Houston Mayor Annise Parker initially defended her decision to subpoena the sermons of several pastors who lead churches in the city. Parker defended that decision publicly, on Twitter.
If the 5 pastors used pulpits for politics, their sermons are fair game. Were instructions given on filling out anti-HERO petition?-A
— Annise Parker (@AnniseParker) October 15, 2014
Blowback was national, immediate and fierce (though, not from Wendy Davis, Barack Obama or any other of Parker’s fellow Democrats. They stayed quiet as Parker launched lawfare against churches.).
Parker backtracked and lied, claiming that she isn’t interested in the sermons.
Now she is lying again, claiming that the pastors knew that she wasn’t ever interested in their sermons.
“‘We don’t need to intrude on matters of faith to have equal rights in Houston, and it was never the intention of the city of Houston to intrude on any matters of faith or to get between a pastor and their parishioners,’ Parker said. ‘We don’t want their sermons, we want the instructions on the petition process. That’s always what we wanted and, again, they knew that’s what we wanted because that’s the subject of the lawsuit.'”
That is not what the original subpoenas said, and it is not what Parker defended demanding in the tweet above. In the tweet above, Parker admitted that she is interested in putting anything that the pastors might have said that can be construed as any way political under scrutiny. She wants to use discovery in the lawsuits against her to put the pastors and their tax-exempt status on trial.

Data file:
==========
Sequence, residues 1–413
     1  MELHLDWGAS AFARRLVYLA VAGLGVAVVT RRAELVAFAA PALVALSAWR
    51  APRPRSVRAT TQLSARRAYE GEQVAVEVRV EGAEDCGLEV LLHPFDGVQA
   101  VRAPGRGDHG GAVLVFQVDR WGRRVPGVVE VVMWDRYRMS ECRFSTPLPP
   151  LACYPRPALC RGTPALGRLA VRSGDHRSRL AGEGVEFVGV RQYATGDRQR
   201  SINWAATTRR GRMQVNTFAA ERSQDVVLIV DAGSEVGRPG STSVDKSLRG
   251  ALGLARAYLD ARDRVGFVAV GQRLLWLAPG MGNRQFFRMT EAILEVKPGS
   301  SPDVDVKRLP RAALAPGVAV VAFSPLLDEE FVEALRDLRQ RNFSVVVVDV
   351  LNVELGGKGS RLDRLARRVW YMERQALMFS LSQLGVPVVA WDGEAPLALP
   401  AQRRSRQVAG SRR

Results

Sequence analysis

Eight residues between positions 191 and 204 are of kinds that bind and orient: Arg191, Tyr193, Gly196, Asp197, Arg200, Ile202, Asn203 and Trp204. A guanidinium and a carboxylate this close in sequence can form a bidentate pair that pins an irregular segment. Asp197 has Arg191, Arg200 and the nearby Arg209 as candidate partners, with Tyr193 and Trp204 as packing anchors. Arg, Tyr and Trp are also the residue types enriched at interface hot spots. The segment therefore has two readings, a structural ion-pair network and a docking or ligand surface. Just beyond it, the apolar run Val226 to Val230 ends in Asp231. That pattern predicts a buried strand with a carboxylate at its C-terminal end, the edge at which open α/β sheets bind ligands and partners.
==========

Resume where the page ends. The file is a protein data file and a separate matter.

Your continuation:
As we and others have reported previously, the pastors who find themselves targeted by Parker’s subpoenas are not even party to the lawsuit in question. The lawsuit is over the Parker administration’s decision to throw out a petition that more than met the threshold to get a question on the ballot for Houston voters to decide.
That referendum would have put Parker’s “bathroom ordinance” up to a vote of the people. It needed a little over 17,000 signatures. It got 50,000, but Parker’s administration threw it out, citing “irregularities.”
That’s what the lawsuit is about — getting that petition re-instated, and putting Parker’s controversial “bathroom ordinance” up for a vote of the people.
Mayor Annise Parker is proving herself to be a deeply and fundamentally dishonest person. She subpoenaed sermons, clearly and unambiguously. In public she just as clearly defended her decision to subpoena sermons, despite the fact that those sermons are publicly available on the churches’ web sites. After the original subpoenas earned nationwide outrage, Parker and her city attorney both claimed that they didn’t even bother to read the subpoenas before sending them out.
The same subpoena calls for the pastors to turn over internal church communications. It also demands that they appear in the law offices of a radical, hard-left law firm that is handling the matter on Parker’s behalf. Add it all up, and the subpoenas are designed to intimidate the pastors and to tie up their staffs to comply, and open up their churches to IRS investigation, even though the pastors themselves are not party to the lawsuit.